It takes a certain kind of person to risk it all and follow their startup dreams.
A person with a serious safety net, and access to traditional forms of funding, for one.
But dedicating your free time outside your day job is a more accessible way to launch the idea that could eventually become a full-fledged career. That’s why Nicaila Matthews created Side Hustle Pro, a podcast that features black women entrepreneurs explaining how they turned their side hustles into successful businesses.
“When I was thinking about going out on my own, I didnt see myself reflected in the narrative of entrepreneurship,” Matthews said.
“I wanted to gain confidence and motivation from women who look like me.”
She means both representation of black women founders, and representation of people who took the responsible, part-time route to their dreams.
“The reason I didnt see myself as an entrepreneur is because the narrative of entrepreneurship was of white men,” Matthews said on a recent episode celebrating the one-year anniversary of her podcast. “I wanted to gain confidence and motivation from women who look like me. And particularly women who started as side hustlers (because, let’s face it, these student loans are not going to pay themselves).”
Side Hustle Prodescribed in each episode as the podcast that teaches you to build and grow a side hustle from passion project to profitable businessfeatures women in media, tech, beauty, and fashion. A year in, Matthews has interviewed Blavity CEO Morgan DeBaun, plus-size designer Monif C., Carol’s Daughter founder Lisa Price, and plenty of other guests. The entrepreneurs who call into the podcast span industries, but they have in common their experiences as founders.
Many of the guests on the show were the first black women to do something in their field, Matthews said.
One year after its launch, Side Hustle Pro gets 400,000 downloads and 65,000 unique listens per month.
Matthews, 33, launched her own side hustle when she graduated with an MBA but no job in 2015. The University of Pennsylvania and University of Michigan Ross School of Business alumna had interned in ad sales at Google, but didn’t secure a full-time offer.
While facing unemployment, she got started on her own idea: a blog, and then podcast, that would have the kinds of entrepreneurship discussions she wanted to hear but couldn’t find in Inc. or Fast Company.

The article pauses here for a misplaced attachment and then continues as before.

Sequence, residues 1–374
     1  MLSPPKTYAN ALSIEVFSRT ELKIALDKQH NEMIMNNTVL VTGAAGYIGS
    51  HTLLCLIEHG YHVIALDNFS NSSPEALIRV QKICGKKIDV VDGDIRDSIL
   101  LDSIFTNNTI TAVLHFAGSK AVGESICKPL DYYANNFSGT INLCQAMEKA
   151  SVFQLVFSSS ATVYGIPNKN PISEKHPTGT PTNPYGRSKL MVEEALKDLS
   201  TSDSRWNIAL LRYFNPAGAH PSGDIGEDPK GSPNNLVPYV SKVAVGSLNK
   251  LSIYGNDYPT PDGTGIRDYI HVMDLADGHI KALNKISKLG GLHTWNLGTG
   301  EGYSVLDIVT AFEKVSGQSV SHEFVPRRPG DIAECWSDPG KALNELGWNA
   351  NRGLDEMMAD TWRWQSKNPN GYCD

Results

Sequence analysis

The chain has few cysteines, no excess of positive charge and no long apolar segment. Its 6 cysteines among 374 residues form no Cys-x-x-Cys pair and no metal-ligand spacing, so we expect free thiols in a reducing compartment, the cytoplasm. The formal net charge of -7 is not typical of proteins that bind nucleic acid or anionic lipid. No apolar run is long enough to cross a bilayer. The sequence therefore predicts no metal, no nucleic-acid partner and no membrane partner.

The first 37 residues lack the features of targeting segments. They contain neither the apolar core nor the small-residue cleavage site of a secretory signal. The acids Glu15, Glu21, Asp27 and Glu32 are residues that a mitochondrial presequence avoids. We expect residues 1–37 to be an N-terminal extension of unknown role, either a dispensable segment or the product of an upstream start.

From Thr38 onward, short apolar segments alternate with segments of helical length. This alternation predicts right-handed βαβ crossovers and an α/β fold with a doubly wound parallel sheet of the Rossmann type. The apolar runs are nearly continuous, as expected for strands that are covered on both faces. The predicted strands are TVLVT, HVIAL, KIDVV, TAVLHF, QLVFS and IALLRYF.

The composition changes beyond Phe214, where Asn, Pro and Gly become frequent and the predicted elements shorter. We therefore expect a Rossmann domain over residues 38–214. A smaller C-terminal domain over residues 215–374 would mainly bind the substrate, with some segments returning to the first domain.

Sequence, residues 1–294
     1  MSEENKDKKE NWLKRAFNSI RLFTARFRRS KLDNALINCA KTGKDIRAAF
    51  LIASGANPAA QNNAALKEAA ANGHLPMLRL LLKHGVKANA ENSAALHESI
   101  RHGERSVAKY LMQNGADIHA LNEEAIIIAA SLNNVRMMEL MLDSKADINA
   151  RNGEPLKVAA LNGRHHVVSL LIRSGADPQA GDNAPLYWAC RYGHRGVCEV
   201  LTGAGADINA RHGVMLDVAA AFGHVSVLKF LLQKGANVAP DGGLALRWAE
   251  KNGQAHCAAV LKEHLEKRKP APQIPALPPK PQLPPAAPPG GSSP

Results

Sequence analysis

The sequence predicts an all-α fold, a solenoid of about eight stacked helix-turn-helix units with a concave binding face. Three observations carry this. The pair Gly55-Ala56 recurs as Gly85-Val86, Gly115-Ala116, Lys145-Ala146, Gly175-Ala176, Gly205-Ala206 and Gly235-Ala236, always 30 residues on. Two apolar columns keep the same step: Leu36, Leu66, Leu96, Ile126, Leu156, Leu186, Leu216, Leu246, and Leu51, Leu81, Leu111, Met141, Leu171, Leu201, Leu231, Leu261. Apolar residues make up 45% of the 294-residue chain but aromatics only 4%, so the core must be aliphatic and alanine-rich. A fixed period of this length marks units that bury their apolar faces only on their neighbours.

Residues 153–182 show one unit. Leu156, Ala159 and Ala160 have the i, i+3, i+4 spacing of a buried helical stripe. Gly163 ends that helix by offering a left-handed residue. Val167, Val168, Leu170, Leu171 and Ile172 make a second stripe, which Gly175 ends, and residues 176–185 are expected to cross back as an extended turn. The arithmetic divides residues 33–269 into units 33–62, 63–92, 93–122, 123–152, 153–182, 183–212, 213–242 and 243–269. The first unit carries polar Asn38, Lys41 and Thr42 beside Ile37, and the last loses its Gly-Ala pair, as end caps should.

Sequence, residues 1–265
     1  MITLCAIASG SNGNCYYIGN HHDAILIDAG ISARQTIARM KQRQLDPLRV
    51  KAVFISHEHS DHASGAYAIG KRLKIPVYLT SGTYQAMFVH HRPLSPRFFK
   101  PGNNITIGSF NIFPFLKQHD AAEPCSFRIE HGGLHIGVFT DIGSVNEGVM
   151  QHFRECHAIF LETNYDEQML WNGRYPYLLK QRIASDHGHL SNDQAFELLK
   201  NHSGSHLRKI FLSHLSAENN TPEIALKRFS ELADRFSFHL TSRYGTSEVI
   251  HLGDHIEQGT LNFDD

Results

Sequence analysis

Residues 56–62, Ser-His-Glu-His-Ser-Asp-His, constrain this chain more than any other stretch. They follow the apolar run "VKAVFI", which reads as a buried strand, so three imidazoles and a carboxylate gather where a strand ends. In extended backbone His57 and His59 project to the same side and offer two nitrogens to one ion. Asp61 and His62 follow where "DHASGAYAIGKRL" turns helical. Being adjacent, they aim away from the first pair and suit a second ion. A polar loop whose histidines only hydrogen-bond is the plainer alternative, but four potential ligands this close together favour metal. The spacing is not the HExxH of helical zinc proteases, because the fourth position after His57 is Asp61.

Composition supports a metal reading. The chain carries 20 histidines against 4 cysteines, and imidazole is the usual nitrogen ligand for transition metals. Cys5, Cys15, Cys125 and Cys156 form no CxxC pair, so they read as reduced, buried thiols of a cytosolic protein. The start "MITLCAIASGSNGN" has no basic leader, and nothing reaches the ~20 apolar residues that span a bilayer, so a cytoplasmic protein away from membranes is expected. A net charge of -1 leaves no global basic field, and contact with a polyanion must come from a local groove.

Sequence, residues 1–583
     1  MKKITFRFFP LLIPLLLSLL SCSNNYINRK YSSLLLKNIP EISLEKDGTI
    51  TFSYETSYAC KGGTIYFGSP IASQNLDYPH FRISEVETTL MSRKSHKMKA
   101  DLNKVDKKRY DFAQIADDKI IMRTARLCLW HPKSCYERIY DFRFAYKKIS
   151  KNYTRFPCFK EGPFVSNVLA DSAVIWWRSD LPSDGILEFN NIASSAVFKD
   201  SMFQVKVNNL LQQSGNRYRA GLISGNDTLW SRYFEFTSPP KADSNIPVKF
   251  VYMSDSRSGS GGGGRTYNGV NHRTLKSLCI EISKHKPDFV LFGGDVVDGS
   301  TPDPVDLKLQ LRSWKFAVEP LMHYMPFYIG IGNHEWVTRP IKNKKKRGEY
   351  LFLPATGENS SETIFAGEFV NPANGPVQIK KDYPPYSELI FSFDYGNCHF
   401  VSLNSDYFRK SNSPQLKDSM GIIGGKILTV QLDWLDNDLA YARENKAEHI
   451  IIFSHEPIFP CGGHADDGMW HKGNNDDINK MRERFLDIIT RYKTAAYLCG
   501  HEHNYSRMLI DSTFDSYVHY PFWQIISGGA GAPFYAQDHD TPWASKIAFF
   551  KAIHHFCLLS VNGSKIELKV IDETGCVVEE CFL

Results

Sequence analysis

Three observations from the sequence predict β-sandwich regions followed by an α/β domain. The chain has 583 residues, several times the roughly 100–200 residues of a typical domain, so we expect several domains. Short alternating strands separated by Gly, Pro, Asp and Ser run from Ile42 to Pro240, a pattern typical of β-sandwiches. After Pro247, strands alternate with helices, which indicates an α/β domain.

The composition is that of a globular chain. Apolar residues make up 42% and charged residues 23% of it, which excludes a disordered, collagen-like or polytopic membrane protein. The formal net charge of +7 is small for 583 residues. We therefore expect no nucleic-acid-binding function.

Things didn’t stay down for too long. Now, Matthews works as a senior manager of social marketing for NPR. She knows podcasts from her day job, and it shows in her own side hustle.
The guests on her podcast give advice about raising money from white male investors in Silicon Valley, where only a handful of black women have raised over $1 million. They impart startup wisdom like, “if you can’t make it as a side hustle, you can’t make it as a business,” and that you’re the only one who truly understands your own vision. They give purely practical advice too, like how to know when to make the jump from side hustle to full-time business.
“I dont think that youre ever going to feel that it’s the right time,” curlBOX founder Myleik Teele advised listeners when she appeared on the podcast. “Youre going to feel guilty. There’s not a person who has taken the leap who hasnt felt guilty.”
The podcast’s focus on both black women entrepreneurs and side hustling is connected.
“People who risk it, quit their jobs, go out and live in Silicon Valley that’s not attainable for everyone.”
“It’s common for black women or black entrepreneurs to ensure theyre financially grounded in some respects before they go out on their own,” Matthews said. “People who risk it, quit their jobs, go out and live in Silicon Valleythat’s not attainable for everyone. Someone who had their job, that’s more attainable.”
Side Hustle Pro is special for more than just its topic. A lot of entrepreneurship media out there is, frankly, pretty boring. Matthews’ podcast is fun, accessible, and inspirational for anyone who’s considering starting their own business. Her charisma invites successful entrepreneurs to give their best advice and can easily keep listeners hooked even in an episode where she’s riding solo, reflecting on her own journey.
In every interview, you can tell that Matthews is a fan of her guest. Teele, who said she quit curlBOX three times before she launched it in earnest, has been one of Matthews’ favorite interviews. Her dream guest is, of course, Oprah.
For now, Side Hustle Pro is Matthews’ own side hustle. But like it happened for all her guests, the transition is coming.
“Someone asked me where i see myself in five years: I for sure will be a full-time entrepreneur,” Matthews said on a recent episode. “Mark my words.”